National Wildlife Refuge Week Starts
with Gift to Sportsmen: Expanded Hunting
and Fishing on Refuges from Coast to Coast
Hunters and anglers who rely on public lands to enjoy
enhanced access on 13 refuges in nine states
WASHINGTON – Sportsmen who depend on public access to hunting and fishing have reason to celebrate National Wildlife Refuge Week, Oct. 9-15, as the U.S. Fish and Wildlife Service finalized a proposal to increase hunting and angling on refuges across the country, said Backcountry Hunters & Anglers.
The USFWS announcement, proposed in July, expands hunting and fishing on 13 national wildlife refuges in nine states.
Sportsmen applauded new opportunities to pursue migratory birds, upland game and big game, as well as a range of fish species under the new regulations, which also modify existing protocol on more than 70 other national wildlife refuges and wetland management districts.
“As sportsmen across the country head afield, Director Ashe’s announcement couldn’t be more timely – or important,” said BHA President and CEO Land Tawney. “More than two thirds of Western hunters rely on public lands for our time afield, and from coast to coast these new opportunities on the National Wildlife Refuge System translate to improved public access, increased economic benefits from hunters and anglers, and the perpetuation of an outdoor heritage enjoyed by Americans for generations. We thank the Service and Director Ashe for taking action in support of public lands sportsmen.”
“For more than a century, hunters and anglers have served as the backbone of the National Wildlife Refuge System and wildlife conservation across America,” said U.S. Fish and Wildlife Service Director Dan Ashe. “Hundreds of refuges have been created and expanded using funding generated by sportsmen and women, and we continue to rely on their support. We’re proud to support and sustain these traditions by expanding opportunities for hunters and anglers on public lands across the Refuge System.”
Under the new regulations, enhanced access windows for sportsmen and the general public will be implemented at wildlife refuges across the country. BHA members from the Southeast and Texas highlighted opportunities in their regions.
“With most southern states having a much lower percentage of publicly accessible lands than the national average, and with more than a hundred national wildlife refuges located in the southeastern United States, we are thrilled the USFWS is expanding access and opportunities to these special places,” said Jeffrey M. Jones of Huntsville, Alabama, a board member in BHA’s nascent Southeast chapter.
“Many of these refuges are small,” said Jones. “Yet expanding hunting on even the smallest places provides excellent opportunities. My daughter and I love to walk the trails at the Sauta Cave National Wildlife Refuge in north Alabama. It’s only 260 acres, but we can view the caves while chasing small game – the traditional starting block for almost every hunter. As license purchases in our states continue to decline, it is important to have these places available as another tool for hunter recruitment.”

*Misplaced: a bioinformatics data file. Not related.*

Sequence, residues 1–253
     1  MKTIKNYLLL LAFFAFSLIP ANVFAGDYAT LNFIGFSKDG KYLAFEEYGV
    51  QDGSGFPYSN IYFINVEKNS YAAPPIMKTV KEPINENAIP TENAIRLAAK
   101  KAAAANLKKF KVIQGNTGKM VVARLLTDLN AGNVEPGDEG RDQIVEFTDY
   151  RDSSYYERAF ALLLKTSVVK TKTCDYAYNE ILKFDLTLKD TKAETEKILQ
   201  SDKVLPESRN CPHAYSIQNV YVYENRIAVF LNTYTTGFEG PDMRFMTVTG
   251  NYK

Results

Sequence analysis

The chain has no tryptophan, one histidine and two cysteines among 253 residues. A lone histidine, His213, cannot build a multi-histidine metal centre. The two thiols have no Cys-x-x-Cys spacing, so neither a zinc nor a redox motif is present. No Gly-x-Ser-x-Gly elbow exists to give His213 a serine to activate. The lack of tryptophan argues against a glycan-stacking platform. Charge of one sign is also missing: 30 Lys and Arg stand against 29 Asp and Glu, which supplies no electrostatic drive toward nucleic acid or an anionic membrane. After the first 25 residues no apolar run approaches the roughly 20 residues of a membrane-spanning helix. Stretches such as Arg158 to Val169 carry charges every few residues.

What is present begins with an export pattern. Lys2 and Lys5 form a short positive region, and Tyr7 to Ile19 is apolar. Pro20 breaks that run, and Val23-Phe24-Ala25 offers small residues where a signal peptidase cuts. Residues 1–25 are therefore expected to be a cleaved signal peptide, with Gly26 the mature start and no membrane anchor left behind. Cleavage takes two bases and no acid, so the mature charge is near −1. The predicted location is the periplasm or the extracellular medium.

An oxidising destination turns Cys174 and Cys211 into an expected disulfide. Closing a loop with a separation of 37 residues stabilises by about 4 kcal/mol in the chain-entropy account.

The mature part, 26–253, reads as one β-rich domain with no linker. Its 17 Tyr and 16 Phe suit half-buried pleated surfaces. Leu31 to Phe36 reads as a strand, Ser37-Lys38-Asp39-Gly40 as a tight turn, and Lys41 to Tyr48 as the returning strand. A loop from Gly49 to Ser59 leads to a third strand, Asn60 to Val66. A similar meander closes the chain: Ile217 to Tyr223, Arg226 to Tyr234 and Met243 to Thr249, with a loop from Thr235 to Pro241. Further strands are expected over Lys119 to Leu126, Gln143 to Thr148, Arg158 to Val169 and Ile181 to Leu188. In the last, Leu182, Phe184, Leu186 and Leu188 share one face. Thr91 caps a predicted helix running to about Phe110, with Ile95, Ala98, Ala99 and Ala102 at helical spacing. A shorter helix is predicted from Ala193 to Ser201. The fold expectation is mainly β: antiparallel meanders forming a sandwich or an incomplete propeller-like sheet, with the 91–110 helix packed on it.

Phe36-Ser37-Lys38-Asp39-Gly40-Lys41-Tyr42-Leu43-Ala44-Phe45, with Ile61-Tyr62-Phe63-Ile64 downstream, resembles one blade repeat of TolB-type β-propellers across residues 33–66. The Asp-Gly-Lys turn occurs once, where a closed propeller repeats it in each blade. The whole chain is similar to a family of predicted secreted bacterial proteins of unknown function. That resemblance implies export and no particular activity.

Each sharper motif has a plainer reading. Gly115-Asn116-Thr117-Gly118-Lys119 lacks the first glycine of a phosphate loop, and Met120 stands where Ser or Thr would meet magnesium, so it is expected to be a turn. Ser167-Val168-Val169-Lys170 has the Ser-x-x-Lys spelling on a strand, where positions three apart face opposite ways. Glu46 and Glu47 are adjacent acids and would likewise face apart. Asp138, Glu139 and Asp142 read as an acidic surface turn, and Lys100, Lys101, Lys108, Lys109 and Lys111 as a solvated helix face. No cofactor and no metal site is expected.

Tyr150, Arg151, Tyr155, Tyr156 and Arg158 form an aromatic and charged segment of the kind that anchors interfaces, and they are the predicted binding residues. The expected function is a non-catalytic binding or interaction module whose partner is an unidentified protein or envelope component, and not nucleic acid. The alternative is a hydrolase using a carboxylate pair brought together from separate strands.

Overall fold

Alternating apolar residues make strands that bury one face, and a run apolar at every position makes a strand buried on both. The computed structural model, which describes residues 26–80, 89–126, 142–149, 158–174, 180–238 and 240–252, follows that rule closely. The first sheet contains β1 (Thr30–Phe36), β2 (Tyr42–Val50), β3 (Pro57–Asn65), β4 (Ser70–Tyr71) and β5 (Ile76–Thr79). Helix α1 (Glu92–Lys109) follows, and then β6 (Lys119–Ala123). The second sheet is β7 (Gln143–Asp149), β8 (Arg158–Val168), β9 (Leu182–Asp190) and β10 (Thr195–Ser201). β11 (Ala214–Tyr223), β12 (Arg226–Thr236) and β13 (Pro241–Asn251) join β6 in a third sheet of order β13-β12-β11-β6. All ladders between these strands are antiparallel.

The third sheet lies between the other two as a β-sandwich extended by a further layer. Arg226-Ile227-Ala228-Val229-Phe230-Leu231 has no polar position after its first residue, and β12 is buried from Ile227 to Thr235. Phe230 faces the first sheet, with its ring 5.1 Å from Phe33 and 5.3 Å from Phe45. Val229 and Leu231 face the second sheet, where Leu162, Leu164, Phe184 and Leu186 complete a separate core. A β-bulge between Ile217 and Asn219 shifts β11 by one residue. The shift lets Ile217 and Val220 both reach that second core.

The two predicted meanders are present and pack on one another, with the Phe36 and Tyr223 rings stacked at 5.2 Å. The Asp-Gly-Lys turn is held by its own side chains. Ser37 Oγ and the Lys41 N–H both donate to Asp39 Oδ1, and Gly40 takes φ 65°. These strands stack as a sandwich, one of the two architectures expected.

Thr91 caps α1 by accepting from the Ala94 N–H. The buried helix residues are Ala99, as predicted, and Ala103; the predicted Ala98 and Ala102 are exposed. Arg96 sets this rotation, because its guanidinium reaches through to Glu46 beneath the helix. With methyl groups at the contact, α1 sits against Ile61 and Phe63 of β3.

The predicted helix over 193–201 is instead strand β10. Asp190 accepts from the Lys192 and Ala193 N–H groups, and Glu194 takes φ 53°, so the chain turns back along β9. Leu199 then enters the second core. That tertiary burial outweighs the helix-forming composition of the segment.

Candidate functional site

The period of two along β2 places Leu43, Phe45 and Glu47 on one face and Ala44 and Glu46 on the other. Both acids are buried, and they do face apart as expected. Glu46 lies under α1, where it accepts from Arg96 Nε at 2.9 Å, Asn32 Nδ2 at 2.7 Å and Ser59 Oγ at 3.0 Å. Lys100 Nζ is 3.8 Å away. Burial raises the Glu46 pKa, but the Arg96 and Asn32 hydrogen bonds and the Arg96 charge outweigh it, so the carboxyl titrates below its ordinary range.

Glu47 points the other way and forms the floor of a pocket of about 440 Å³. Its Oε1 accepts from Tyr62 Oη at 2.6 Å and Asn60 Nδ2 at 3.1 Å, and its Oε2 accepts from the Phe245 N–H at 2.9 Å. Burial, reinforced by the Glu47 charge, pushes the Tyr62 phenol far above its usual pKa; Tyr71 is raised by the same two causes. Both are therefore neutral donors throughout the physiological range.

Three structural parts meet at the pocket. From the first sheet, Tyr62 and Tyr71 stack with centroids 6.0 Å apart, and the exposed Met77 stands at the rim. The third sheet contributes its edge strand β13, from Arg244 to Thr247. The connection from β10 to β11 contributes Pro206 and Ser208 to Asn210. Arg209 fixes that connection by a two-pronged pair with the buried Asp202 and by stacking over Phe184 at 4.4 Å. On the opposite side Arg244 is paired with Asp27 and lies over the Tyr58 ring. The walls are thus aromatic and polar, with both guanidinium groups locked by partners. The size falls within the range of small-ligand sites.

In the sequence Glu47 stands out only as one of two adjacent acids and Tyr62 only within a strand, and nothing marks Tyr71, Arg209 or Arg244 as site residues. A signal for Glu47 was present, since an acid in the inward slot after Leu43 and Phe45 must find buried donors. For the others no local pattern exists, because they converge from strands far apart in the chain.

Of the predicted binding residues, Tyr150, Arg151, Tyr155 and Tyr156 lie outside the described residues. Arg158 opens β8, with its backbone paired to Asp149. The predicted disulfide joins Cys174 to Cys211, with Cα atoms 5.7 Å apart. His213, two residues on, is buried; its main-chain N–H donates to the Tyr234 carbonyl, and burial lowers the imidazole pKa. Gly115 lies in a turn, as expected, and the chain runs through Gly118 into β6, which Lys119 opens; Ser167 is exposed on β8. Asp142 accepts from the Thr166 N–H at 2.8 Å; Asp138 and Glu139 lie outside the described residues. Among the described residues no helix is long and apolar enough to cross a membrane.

“This is good news for Texas hunters in general, but especially so for public land hunters,” said Michael Panasci, board member of Texas BHA. “On behalf of the Texas chapter of BHA, I commend the U.S. Fish & Wildlife Service for moving in the right direction of expanding big game and waterfowl hunting opportunities on publicly owned land.
“This is particularly appreciated in our state, where hunters are heavily restricted on the limited public lands to which we have access,” continued Panasci, who lives in Lubbock. “As Secretary Ashe correctly points out, fish and wildlife in this country belong to all Americans, and these resources should be managed and accessible when on public lands in a manner consistent with the North American Model – not restricted for the benefit of adjacent private landowners and their clients. More hunting access and opportunity translates to more hunters, period.”
BHA members in Michigan and Colorado highlighted the importance of expanded sportsmen’s opportunities at refuges in their states when the USFWS proposal was announced in July.
Sportsmen cite insufficient access as the No. 1 reason for forgoing time afield. National wildlife refuges provide valuable opportunities for time afield during an era where sportsmen’s access is steadily decreasing. Regulated hunting is permitted on 336 wildlife refuges, and fishing is permitted on 275 refuges. They play an important role in managing fish and wildlife populations on many refuges.
Learn about hunting opportunities on national wildlife refuges.
Learn about angling opportunities on national wildlife refuges.